Firefly 2Once there was a world of bright air and conversation; once there was a house, its rooms filled with laughter. There was a woman whose arms were soft and consolation swift; a melee of children, a barking of dogs, a cat that would lay across his knees, singing to him.

Once there was a bed where he might wile away hours in sleep and dreaming.   He no longer sleeps.  The mist that has closed upon his mind has drawn a veil across his memories – all are faded, all gone; wilted like the last rose until only the naked briar is left.  There is a cold wind in the briar.

Now there is just a chair and a room, and beyond it there is silence.  Through the watches of the night he sits nursing his pain as he has done for countless nights, contemplating the chasm beyond the walls.    Somewhere out in the ether sits a firefly of change, but it will not dance yet, not until a darkness deep enough to glorify its light has descended.  As dawn smolders into the flame of morning it withdraws once more, waiting.

He also waits, knowing (or is it hoping?) it is there.  Hoping it will come to him as it did the summer he died, five years ago.  When his heart gave notice, that warm green afternoon, it danced for him, and though he felt welcomed by its light, he could not follow where it led.  Jolted back to existence, he was prevented.

When he asked the man with shining skin and smiling stare why he should be made to stay the man spoke of a higher plateau where the hibiscus of his youth would grow again and the sweetness of forgotten scents, the smell of woman and the cry of wheeling rooks was eternal.  The open path where he walked once, that person said, was waiting, but he might only earn his place there through suffering.

Are you suffering, shining man?  Do you really know what suffering is?

The window curtains are grey with morning.  Soon ‘Twice Daily’ will come to draw them, to wash the humiliation from a body which although attached to him is no longer his.  There will be food and pills and she will leave.  For the hours until another night his rebellious heart will keep beating.    He will struggle to catch each fleeting breath, reaching within himself to tear out the gossamer strands that clog his lungs, his instinct for survival denying him the final rest his head cries out for. 

But oblivion will not come to him – not for another day, and then another, and so many more; while all the time the firefly hovers just beyond his grasp, patiently waiting.


Just recently a lady I knew well ceased to breathe.  I could not grieve for her passing because to me, to all of us who knew her, she died four years ago.   She died the night her heart surrendered.  She was eighty-two.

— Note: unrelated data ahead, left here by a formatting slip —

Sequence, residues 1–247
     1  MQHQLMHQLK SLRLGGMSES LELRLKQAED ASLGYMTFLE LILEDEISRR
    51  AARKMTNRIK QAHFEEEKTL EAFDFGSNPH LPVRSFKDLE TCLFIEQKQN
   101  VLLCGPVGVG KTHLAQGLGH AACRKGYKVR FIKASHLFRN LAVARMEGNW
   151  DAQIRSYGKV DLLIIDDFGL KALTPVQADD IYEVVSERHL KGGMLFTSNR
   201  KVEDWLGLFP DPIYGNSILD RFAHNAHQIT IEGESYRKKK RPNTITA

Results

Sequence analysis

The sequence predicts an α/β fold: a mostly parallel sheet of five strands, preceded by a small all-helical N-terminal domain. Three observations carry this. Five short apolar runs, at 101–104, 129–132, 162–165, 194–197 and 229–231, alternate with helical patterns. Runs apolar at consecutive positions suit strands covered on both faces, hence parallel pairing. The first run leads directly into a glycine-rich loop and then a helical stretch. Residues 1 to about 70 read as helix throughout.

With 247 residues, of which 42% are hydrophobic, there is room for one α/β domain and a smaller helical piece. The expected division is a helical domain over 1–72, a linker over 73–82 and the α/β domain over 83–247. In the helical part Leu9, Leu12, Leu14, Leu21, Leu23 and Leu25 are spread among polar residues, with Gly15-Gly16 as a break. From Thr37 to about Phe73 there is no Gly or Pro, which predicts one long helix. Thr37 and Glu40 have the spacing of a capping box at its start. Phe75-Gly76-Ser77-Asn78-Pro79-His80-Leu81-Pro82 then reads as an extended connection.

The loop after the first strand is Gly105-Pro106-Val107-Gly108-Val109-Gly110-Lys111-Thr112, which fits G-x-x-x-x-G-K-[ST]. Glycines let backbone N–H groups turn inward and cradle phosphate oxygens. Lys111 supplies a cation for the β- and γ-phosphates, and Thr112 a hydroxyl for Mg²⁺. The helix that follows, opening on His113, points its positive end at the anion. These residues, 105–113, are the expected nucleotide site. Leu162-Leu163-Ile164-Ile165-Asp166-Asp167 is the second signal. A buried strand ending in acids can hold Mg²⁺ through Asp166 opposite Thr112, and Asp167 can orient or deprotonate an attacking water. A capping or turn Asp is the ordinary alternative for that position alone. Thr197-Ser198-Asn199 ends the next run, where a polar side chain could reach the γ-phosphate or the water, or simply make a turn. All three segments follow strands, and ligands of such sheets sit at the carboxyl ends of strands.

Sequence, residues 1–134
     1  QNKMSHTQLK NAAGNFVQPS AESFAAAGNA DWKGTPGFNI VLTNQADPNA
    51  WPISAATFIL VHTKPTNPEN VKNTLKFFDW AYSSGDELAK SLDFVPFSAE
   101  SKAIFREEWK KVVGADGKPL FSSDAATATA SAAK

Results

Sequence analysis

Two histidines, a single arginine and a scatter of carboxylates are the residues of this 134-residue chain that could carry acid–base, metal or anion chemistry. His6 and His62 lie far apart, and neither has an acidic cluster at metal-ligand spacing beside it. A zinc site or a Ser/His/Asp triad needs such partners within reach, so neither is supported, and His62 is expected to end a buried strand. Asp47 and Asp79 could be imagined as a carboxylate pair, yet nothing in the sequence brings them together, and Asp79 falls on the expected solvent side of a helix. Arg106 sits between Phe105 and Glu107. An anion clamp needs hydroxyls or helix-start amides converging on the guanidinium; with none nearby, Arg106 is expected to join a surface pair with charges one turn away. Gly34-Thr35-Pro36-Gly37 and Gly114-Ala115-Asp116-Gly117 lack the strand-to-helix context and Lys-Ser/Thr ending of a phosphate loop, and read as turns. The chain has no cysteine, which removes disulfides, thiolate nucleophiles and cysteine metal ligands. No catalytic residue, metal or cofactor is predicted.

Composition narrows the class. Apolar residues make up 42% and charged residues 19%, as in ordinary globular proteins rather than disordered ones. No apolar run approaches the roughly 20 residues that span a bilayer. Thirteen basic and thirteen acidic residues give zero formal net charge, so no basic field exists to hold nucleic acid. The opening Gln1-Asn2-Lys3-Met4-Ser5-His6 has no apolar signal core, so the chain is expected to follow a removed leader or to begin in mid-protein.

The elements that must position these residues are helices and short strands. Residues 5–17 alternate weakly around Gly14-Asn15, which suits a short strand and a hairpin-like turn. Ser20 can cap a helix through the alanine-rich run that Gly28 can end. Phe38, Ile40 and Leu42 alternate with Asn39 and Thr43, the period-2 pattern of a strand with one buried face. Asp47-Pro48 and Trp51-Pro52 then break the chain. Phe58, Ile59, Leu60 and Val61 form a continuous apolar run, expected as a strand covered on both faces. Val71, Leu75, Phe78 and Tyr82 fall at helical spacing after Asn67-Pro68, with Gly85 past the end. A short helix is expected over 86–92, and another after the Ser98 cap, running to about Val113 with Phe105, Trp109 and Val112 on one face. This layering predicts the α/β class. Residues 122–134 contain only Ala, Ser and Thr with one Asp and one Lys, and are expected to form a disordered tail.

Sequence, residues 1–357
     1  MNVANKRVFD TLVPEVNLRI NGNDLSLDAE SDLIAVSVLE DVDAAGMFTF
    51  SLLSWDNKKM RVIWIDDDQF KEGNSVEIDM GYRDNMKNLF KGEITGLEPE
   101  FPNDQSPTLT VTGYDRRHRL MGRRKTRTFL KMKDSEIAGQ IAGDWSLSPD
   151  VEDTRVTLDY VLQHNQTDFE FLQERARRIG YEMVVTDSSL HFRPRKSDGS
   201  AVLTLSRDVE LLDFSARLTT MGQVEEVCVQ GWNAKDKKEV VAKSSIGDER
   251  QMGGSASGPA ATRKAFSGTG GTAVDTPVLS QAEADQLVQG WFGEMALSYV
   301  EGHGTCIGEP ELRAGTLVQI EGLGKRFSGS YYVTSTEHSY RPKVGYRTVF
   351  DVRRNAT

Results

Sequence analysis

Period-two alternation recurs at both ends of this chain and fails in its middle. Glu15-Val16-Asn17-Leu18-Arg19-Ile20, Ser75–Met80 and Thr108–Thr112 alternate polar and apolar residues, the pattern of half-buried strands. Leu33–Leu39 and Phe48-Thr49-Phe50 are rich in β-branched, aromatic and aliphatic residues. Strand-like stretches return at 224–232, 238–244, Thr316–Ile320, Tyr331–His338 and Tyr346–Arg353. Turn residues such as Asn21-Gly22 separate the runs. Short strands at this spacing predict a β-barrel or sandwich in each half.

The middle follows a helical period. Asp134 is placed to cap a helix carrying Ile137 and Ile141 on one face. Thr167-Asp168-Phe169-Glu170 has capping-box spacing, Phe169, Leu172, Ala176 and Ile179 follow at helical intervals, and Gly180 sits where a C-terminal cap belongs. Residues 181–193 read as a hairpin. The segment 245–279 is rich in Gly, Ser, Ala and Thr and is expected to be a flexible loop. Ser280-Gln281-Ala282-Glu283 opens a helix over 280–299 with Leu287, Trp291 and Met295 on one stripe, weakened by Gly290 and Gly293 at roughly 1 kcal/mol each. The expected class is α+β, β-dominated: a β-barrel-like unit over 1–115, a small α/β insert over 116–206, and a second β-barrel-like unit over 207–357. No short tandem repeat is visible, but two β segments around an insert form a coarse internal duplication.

Once, upon what some would say was a less civilized time, she might have lingered a few hours, or perhaps a few days, then passed with her family around her.  Everyone would remember her for the light that shone from her before she was stricken, and the world would move on.   Once.

Instead, those who loved her cried for help.  Instead, she was revived.   Her chest was cut open, a pig’s valve was sewn into her heart and the tubes that had been clogged with the years of living were replaced.   Her body was returned to life, and life became her prison.

Did she live longer?  Certainly, yes.   Was the time valuable to her, an active, practical woman who loved to go out, to tend her garden, to keep house, to walk?   When she could no longer do any of these things, did she live longer?  

I cannot say that any but the very best of intentions brought her back from the precipice, or that we should not stand in awe of all that medical science has achieved and can do.  I would be wrong to question the motives of any who strove to save her and give her those few extra years; but I do wonder whether we fully understand a cliche we use too freely and too often:  ‘the quality of life’.

Somewhere along the way, in our ardor to progress, to make advances in medical science, something has gone wrong.  A balance has failed, we have tipped over an edge of reason into an abyss of our own creation.  It is time to step back and look again.

It is time to consider, since we now have power over life and death, how we should use it.